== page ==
Everything You Should Know About Vitamin K
Updated: Feb 2, 2018
Unfortunately, I feel like too many families out there are unfamiliar with what the vitamin K vaccine really is. So many parents trust their care providers, as they should, but I want to make sure that families get ALL the evidence based information needed to make the educated decision for their baby. Not just because their doctor said to.
Vitamin K is a vitamin that our bodies are unable to produce itself. This is why the vaccine was created to give to newborns. It serves as a supplement until the baby is able to consume foods that contain the vitamin, which is not until the baby has reached 6 months of age. Vitamin K deficiencies can cause severe bleeding and bruising, and even fatal damages to the brain. Deficiencies MUST be taken seriously and treated by a medical team. Medical studies have found that babies who are breastfed, opposed to formula fed, have a higher chance of having this deficiency.
So, now you know what this deficiency is. How common is it? Well, 0.25% to 1.7% of newborns who do NOT receive the vitamin K at birth will experience a deficiency. Crazy right? Although this deficiency is rare, it is spontaneous and can possibly lead to death. Vitamin K is very important to a newborn's health, but this vitamin that is found in the vaccine is made in a lab and contains some harmful components. It has been found that large doses of vitamin K have been linked to causes of childhood cancers and leukemia. Given that this minute old baby's organs are not functioning perfectly just quite yet, the thought of this harsh, synthetic mixture should be questioned more often.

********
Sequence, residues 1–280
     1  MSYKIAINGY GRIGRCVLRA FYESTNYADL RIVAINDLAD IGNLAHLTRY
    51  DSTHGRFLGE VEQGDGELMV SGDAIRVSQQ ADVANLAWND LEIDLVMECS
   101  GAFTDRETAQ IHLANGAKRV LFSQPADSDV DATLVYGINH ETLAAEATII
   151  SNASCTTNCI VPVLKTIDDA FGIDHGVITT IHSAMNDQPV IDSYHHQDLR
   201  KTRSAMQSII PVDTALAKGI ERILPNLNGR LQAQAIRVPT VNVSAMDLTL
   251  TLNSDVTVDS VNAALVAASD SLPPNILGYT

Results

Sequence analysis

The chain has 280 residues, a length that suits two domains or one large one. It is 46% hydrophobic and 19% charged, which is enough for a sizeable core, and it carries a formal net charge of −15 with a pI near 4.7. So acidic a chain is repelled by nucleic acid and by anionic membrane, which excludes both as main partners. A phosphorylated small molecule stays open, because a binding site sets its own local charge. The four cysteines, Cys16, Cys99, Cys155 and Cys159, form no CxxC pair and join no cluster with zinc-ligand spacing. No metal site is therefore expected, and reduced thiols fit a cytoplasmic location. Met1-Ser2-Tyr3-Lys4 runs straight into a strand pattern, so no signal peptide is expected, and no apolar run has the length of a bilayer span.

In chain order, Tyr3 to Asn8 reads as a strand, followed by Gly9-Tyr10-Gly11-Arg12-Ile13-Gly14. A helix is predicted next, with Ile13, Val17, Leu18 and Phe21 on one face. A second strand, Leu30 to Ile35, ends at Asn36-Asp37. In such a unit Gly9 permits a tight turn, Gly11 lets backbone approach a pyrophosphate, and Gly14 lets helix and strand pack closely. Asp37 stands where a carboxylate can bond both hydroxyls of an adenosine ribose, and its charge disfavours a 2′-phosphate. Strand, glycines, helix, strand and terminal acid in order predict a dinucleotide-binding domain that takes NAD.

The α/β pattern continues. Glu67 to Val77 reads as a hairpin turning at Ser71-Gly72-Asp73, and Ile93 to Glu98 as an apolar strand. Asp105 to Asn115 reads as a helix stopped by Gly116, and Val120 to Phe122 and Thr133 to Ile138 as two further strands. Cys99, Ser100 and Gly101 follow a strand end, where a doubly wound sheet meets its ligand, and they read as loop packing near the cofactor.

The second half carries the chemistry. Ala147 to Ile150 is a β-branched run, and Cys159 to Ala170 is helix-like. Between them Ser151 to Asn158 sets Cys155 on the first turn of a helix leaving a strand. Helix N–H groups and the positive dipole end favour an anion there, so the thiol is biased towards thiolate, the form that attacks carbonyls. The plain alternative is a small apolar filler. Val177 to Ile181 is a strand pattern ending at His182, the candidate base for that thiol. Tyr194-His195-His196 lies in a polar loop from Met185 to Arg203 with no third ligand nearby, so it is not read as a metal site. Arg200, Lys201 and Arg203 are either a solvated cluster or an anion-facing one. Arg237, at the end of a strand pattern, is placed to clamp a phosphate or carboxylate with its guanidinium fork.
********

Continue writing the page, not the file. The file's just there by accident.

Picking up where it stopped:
What are some alternatives to this vaccine?
Oral vitamin K is a much less synthetic form of the vitamin. Medical professionals will argue that this oral form of the vitamin is not as efficiently absorbed. But that is an easy fix with a change to the dosage. This is a 3-dose regimen that consists of 1mg orally at birth, 1 mg 1 week later, 1 mg at 4-6 months. Most promising regimen is a weekly dose of this oral vitamin K for the first 6 months, but make sure to check with medical provider to ensure the dosing is correct for your baby. For those who chose to do the oral vitamin K, it is only recommended that these babies are breastfed, as many formulas contain vitamin K supplements. Another alternative is the vitamin K preservative free vaccine. You should call around to local hospitals to check to see if it is available to you, as some providers are not on board yet, or it is still in the works.
So what can you as a parent do if you chose to skip this vaccine completely?
Moms, eat lots of leafy greens during pregnancy! Greens such as kale, brussel sprouts, broccoli, cabbage, and scallions are all high in vitamin K content. You can also breastfeed! Although doctors have said that breastfed babies have a higher chance of having a deficiency, breastfeeding will actually improve your baby's digestive system. This happens because the probiotics found in breastmilk allow growth of good bacteria which will produce naturally occurring vitamin K immediately after birth.
These are only some alternative options that have been studied regarding the vitamin K vaccine. In the end, it is the families decision to chose what option is best for their family.
xLove and Light Always,